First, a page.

Professor Merilyn Hibma
Several viruses are known to cause cancer. Much of our current understanding of the cellular processes of cancer comes from the study of DNA tumour viruses. One such virus is the human papillomavirus (HPV). This virus is fascinating as some types cause benign proliferation of skin cells (for example skin warts) whereas other ‘high-risk’ types cause cancer.
Understanding invasiveness key to successful treatments
Invasiveness is a defining step in malignancy and any treatment that blocks invasion and spread of cancer cells would drastically reduce cancer mortality.
Human papillomavirus provided us with an extraordinary opportunity to explore tumour cell invasion and to identify ways to treat it.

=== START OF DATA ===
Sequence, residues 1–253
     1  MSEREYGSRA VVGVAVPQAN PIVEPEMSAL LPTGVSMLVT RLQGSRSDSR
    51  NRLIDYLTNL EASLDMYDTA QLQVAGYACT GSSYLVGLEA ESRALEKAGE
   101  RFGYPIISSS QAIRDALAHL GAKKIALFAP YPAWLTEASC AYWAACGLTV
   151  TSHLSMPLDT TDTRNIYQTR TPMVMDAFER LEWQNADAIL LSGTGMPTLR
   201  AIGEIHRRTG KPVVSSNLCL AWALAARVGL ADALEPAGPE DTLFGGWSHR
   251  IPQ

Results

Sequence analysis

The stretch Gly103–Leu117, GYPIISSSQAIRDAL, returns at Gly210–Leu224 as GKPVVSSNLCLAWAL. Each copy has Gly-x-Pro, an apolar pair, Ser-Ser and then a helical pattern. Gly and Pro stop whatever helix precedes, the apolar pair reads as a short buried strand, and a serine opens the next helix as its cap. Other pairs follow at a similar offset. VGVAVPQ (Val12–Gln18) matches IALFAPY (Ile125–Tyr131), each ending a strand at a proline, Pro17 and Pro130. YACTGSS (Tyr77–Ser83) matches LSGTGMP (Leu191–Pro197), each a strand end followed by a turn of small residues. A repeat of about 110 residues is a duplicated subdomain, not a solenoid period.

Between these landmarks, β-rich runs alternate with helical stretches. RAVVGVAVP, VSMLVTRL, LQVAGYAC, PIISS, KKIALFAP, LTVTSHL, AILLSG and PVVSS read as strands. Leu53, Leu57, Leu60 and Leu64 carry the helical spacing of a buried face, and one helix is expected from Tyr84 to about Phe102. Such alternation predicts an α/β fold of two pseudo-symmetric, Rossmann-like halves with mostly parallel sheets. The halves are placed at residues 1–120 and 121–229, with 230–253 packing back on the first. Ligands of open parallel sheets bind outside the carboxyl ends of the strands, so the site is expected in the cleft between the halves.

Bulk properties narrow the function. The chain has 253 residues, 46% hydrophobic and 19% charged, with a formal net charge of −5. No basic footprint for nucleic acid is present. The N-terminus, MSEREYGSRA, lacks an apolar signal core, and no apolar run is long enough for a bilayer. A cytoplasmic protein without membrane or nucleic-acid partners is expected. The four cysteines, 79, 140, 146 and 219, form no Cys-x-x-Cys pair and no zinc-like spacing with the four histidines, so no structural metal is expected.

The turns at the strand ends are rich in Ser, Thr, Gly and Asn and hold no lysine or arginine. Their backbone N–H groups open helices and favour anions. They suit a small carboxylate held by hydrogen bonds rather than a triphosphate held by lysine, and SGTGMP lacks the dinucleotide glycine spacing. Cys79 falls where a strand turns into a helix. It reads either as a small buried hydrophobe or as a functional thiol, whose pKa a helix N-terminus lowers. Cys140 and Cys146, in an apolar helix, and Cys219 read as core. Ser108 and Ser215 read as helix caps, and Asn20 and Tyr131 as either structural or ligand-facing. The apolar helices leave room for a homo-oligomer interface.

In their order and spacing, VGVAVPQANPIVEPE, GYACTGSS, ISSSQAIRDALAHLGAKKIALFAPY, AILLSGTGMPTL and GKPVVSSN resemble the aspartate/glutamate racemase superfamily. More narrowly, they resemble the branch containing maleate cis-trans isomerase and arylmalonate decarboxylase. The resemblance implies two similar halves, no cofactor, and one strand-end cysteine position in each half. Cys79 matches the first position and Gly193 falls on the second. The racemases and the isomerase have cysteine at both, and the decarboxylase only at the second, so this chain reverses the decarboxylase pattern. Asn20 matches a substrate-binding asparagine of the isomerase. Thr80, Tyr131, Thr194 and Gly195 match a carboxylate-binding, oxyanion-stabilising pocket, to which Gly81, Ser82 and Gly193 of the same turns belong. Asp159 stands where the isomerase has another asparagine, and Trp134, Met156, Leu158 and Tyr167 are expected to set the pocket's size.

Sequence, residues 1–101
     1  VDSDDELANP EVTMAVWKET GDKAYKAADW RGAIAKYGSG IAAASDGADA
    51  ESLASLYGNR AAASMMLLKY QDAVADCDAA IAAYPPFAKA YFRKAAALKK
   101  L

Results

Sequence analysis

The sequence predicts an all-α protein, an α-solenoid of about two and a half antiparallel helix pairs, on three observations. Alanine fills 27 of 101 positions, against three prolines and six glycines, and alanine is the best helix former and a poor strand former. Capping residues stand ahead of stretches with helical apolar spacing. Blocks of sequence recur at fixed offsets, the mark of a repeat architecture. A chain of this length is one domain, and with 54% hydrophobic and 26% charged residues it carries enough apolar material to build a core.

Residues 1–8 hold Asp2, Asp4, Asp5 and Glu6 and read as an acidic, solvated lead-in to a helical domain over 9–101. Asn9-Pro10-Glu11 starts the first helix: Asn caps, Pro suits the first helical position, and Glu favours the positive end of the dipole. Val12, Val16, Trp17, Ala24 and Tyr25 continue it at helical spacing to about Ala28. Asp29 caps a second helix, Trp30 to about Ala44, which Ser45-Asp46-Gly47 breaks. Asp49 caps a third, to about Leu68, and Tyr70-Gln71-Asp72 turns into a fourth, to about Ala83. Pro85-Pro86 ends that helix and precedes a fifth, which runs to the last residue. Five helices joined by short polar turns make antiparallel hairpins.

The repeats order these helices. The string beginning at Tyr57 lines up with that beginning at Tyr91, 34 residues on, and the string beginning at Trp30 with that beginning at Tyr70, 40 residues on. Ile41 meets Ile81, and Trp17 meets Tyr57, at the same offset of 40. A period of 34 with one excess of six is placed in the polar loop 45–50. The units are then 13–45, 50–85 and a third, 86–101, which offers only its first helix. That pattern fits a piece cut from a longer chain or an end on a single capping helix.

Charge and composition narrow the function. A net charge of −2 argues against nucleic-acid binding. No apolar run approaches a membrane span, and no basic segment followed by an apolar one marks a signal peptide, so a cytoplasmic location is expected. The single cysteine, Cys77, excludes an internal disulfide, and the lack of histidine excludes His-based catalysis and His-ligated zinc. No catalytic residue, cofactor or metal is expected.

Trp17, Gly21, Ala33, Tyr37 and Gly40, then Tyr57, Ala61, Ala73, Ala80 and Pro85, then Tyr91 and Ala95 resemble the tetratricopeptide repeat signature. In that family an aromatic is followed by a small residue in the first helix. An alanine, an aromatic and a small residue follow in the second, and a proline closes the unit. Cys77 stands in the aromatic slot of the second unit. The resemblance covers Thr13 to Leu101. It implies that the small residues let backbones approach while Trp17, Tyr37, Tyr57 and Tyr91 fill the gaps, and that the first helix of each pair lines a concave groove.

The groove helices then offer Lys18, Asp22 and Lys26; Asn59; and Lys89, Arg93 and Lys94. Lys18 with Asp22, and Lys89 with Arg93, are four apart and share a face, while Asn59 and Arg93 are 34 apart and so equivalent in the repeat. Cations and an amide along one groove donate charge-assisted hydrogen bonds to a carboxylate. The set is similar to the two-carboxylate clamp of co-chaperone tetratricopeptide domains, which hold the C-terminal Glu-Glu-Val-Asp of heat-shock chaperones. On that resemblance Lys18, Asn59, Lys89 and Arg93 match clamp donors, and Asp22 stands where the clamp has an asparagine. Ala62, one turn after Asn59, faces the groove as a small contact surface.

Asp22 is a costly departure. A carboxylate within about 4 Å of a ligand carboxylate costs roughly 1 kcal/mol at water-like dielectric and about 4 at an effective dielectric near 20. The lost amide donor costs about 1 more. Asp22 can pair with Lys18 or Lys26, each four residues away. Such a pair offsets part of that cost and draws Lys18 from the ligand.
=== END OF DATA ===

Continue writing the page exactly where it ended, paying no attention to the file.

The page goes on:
We are particularly interested in HPV type 16, which causes cervical cancer because of its health relevance for New Zealanders and especially Māori who have an extremely high incidence of this disease.
Virus disrupts defence mechanism
These viruses can disrupt a critical cellular protein that inhibits invasion in normal healthy cells. This may also impact on the immune cells in the skin that are important in initiating the immune response to the viral infection.
Our current research focus is to identify how the virus affects the suppression of invasion and to develop treatments to block it. Our interests extend to understanding how the regulation of this cellular pathway influences the immune response to the virus.
This research is designed to increase our understanding of the fundamental processes and treatment of tumour invasiveness and will impact not only on cervical cancer but also on other cancer types.